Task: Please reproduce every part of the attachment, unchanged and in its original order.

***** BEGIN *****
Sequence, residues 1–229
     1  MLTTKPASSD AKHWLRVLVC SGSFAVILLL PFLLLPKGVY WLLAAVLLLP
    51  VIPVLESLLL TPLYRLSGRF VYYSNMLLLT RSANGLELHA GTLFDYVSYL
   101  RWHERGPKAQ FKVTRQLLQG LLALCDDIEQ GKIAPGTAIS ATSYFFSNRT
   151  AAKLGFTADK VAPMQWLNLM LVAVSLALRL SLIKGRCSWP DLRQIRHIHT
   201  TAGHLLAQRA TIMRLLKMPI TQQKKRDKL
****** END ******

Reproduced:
Sequence, residues 1–229
     1  MLTTKPASSD AKHWLRVLVC SGSFAVILLL PFLLLPKGVY WLLAAVLLLP
    51  VIPVLESLLL TPLYRLSGRF VYYSNMLLLT RSANGLELHA GTLFDYVSYL
   101  RWHERGPKAQ FKVTRQLLQG LLALCDDIEQ GKIAPGTAIS ATSYFFSNRT
   151  AAKLGFTADK VAPMQWLNLM LVAVSLALRL SLIKGRCSWP DLRQIRHIHT
   201  TAGHLLAQRA TIMRLLKMPI TQQKKRDKL